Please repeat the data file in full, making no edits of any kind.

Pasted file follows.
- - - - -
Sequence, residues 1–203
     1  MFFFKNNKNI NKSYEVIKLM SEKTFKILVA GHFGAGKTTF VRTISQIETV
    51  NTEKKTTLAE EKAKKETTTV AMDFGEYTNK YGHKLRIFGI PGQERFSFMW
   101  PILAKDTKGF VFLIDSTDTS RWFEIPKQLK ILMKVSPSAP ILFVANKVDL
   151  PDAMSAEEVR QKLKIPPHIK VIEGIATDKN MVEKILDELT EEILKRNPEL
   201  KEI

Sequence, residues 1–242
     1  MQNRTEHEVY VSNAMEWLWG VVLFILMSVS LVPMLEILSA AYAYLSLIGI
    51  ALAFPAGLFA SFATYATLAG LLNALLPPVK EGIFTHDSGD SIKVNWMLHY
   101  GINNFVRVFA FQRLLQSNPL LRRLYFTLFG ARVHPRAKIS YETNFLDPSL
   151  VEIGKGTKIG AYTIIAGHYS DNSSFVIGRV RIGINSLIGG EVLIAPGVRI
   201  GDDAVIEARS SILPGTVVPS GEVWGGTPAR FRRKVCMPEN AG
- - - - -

Sequence, residues 1–203
     1  MFFFKNNKNI NKSYEVIKLM SEKTFKILVA GHFGAGKTTF VRTISQIETV
    51  NTEKKTTLAE EKAKKETTTV AMDFGEYTNK YGHKLRIFGI PGQERFSFMW
   101  PILAKDTKGF VFLIDSTDTS RWFEIPKQLK ILMKVSPSAP ILFVANKVDL
   151  PDAMSAEEVR QKLKIPPHIK VIEGIATDKN MVEKILDELT EEILKRNPEL
   201  KEI

Sequence, residues 1–242
     1  MQNRTEHEVY VSNAMEWLWG VVLFILMSVS LVPMLEILSA AYAYLSLIGI
    51  ALAFPAGLFA SFATYATLAG LLNALLPPVK EGIFTHDSGD SIKVNWMLHY
   101  GINNFVRVFA FQRLLQSNPL LRRLYFTLFG ARVHPRAKIS YETNFLDPSL
   151  VEIGKGTKIG AYTIIAGHYS DNSSFVIGRV RIGINSLIGG EVLIAPGVRI
   201  GDDAVIEARS SILPGTVVPS GEVWGGTPAR FRRKVCMPEN AG